a list compiled by Alex Kasman (College of Charleston)

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 The Face of the Waters (1991) Robert Silverberg (click on names to see more mathematical fiction by the same author)
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Contributed by Vijay Fafat

The novel is set on a water-logged planet called “Hydros”, populated by artificial islands floating on a planet-spanning ocean. A few humans on one of the islands end up offending the local “Dwellers” and are ordered to evacuate. Banished, the humans set out on a Homeric journey to find another island and end up reaching a vast, mysterious continent called “The Face of the Waters”. A mystical ending follows.

As they approach the Face, a priest breaks out into sudden mathematical epiphany (which, unfortunately, is quite incorrect in my opinion. Silverberg appears to have confused Godel's Theorem with the axiomatic framework of mathematics, as in the following monologue):

 (quoted from The Face of the Waters) 'Let me make use of a mathematical analogy. Do you know what Godel's Theorem is?" 'No." 'Well, neither do I, not exactly. But I can give you an approximation of it. It's a twentieth-century idea, I think. What Godel's Theorem asserts, and nobody has ever been able to disprove it, is that there's a fundamental limit to the rational reach of mathematics. We can prove all the assumptions of mathematical reasoning down to a certain bed-rock point, and then we hit a level where we simply can't go any farther. Ultimately we find that we've descended beyond the process of mathematical proof to a realm of unprovable axioms, things that simply have to be taken on faith if we're to make any sense out of the universe. What we reach is the boundary of reason. In order to go beyond it - in order to go on thinking at all, really - we are compelled to accept our defining axioms as true, even though we can't prove them. Are you following me?"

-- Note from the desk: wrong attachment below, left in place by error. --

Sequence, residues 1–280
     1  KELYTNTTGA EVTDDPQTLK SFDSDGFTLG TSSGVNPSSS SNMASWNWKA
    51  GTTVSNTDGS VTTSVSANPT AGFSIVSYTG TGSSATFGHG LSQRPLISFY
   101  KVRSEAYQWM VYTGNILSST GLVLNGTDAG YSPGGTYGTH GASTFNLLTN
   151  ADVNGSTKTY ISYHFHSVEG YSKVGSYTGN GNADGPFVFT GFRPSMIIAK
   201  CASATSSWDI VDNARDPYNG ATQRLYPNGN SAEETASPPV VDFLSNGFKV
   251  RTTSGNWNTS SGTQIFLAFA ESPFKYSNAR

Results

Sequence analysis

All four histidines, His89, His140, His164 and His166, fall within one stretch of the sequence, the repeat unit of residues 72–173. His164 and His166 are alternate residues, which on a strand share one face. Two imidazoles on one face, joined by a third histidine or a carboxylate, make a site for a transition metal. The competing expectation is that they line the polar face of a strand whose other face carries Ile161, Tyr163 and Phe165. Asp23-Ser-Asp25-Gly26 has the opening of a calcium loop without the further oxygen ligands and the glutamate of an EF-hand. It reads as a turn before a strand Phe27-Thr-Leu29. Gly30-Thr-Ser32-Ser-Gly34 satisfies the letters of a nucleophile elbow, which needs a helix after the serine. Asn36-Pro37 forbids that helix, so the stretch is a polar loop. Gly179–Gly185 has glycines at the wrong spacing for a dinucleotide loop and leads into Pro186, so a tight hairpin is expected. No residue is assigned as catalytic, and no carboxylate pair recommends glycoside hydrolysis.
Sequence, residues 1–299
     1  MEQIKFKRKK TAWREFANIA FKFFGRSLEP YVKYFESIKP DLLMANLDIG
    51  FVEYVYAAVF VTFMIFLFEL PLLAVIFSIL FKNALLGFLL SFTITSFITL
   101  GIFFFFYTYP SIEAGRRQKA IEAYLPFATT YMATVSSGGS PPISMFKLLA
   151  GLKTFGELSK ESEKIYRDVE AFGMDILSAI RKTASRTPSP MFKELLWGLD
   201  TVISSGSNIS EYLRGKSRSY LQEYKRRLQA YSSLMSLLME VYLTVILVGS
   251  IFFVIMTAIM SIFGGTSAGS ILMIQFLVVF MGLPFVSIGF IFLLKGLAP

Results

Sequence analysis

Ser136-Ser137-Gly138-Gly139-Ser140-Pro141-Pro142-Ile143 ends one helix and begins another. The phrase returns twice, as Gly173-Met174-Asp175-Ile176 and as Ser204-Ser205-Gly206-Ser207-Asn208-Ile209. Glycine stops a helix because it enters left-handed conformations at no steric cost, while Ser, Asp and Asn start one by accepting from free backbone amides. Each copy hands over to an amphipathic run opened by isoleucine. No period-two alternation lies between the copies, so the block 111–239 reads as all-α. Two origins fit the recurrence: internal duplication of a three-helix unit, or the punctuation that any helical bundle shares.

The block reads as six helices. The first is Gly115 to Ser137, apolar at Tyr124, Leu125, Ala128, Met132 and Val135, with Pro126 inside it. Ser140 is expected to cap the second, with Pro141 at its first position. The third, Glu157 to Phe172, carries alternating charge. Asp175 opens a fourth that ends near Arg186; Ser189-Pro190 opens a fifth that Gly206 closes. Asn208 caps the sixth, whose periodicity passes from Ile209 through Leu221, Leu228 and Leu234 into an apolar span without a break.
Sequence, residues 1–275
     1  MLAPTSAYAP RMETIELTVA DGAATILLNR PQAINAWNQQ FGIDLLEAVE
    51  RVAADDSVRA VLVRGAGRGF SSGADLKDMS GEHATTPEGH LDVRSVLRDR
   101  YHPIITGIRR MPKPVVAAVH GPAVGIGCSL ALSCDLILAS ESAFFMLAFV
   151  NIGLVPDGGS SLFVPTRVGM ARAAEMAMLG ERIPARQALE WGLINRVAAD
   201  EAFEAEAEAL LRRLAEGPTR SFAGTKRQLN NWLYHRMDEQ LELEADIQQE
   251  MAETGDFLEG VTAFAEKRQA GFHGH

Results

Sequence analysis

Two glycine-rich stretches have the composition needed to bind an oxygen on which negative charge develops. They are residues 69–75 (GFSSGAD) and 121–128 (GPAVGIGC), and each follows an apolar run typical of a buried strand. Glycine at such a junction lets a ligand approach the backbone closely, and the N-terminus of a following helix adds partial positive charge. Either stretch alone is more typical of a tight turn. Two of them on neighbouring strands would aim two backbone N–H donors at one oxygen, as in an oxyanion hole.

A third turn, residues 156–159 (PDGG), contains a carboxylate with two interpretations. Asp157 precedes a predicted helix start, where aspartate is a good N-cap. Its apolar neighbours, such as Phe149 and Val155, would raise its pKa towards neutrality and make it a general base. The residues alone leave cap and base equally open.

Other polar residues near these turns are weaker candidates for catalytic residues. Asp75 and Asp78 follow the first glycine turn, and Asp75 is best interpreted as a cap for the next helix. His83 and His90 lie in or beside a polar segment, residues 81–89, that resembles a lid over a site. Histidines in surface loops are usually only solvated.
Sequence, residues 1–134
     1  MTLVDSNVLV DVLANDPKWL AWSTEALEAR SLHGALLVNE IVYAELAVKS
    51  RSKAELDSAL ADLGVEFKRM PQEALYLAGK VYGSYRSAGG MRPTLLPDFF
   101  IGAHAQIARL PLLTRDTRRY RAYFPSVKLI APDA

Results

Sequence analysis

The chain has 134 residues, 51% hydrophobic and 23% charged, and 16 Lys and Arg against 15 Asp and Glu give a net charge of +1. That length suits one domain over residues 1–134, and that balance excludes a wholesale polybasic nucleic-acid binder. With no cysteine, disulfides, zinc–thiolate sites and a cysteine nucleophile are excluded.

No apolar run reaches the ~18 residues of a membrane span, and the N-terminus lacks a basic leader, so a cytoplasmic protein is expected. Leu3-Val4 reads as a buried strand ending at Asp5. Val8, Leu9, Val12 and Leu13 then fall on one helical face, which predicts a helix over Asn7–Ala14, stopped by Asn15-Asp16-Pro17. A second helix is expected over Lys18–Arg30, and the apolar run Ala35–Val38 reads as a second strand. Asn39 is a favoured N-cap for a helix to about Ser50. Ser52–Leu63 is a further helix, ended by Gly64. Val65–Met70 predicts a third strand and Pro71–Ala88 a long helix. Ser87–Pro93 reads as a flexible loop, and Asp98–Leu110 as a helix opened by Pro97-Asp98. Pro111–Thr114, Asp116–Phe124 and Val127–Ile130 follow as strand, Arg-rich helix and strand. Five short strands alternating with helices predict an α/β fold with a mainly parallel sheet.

followed by the speculation:

 (quoted from The Face of the Waters) 'All right. What I propose is that Godel's Theorem marks the dividing line between gods and mortals." 'Really," Lawler said. 'This is what I mean," said Quillan. 'It sets a boundary for reasoning. The gods occupy the far side of that boundary. Gods, by definition, are creatures who aren't bound by the Godel limits. We humans live in a world where reality ultimately breaks down into irrational assumptions, or at least assumptions that are non-rational because they're unprovable. Gods live in a realm of absolutes where realities are not only fixed and knowable down beyond the level of our axiomatic floor, but can be redefined and reshaped by divine control." For the first time in this discussion Lawler felt a flicker of interest. 'The galaxy is full of beings which aren't human, but their maths isn't any better than ours, is it? Where do they fit your scheme?" 'Let's define all intelligent beings who are subject to the Godel limitations as human, regardless of their actual species. And any beings that are capable of functioning in an ultra-Godelian realm of logic are gods."

And

 (quoted from The Face of the Waters) 'Let us suppose that the gods themselves at some point must reach a Godel limit, a place where their own reasoning powers - that is, their powers of creation and recreation - run up against some kind of barrier. Like us, but on a qualitatively different plane, they eventually come to a point at which they can go thus far, and no farther." 'The ultimate limit of the universe," Lawler said. 'No. Just their ultimate limit. It may well be that there are greater gods beyond them. The gods we're talking about are encapsulated just as we mortals are within a larger reality defined by a different mathematics to which they have no access. They look upward to the next reality and the next level of gods. And those gods - that is, the inhabitants of that larger reality - also have a Godel wall around them, with even greater gods outside it. And so on and so on and so on."